Do you have any phrase in mind, how I could try to approach such a situation, trying to help making life easier for the whole family? Or at least trying to find out, if they are open to such a path of growth or development?

With love, Petra

    Jonice - October 7, 2021 Reply

    Dear Petra, I have been in this same bind often. I really understand your dilemma and appreciate that you want to help children and families! But I do not recommend you intervene in situations like this. Parents can become extremely angry if they feel judged by a stranger, no matter how kind and well-intentioned that stranger is. It’s very possible to end up making the situation even worse for the child.

Katie - January 1, 2021 Reply

This is really useful. I have read both of your books – my children are both teenagers, I suffered from CEN (only very recently realised this) & I believe my husband may have to, although he doesn’t feel this is true. As a result I have passed the CEN to my children. I have been trying to use some of the tools you suggest in your books. With my children being 16 & 15 and having never really talked about feelings and emotions in our family I find they look at me like I’m stupid and refuse to engage in the conversation . Do I just continue to acknowledge what they are feeling despite their response? I fear the damage is done and I’m not going to be able to help them .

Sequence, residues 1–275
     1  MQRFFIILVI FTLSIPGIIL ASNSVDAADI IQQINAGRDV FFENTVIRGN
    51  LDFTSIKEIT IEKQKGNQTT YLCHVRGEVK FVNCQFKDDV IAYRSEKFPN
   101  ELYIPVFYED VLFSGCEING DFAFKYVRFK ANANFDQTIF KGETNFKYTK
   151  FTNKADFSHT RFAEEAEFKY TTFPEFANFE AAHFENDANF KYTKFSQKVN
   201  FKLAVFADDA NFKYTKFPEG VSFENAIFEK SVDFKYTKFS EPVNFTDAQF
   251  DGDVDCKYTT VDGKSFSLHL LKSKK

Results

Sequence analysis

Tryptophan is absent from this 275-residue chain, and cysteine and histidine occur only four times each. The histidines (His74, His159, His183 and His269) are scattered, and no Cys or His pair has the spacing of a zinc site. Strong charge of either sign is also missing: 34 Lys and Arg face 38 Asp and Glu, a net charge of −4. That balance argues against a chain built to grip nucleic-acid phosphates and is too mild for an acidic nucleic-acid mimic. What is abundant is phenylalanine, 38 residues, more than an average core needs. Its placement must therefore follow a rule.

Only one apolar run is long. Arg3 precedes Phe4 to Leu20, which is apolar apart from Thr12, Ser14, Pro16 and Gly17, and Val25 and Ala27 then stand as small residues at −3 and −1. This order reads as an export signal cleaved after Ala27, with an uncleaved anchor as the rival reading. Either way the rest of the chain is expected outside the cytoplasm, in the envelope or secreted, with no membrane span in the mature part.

Jonice - January 3, 2021 Reply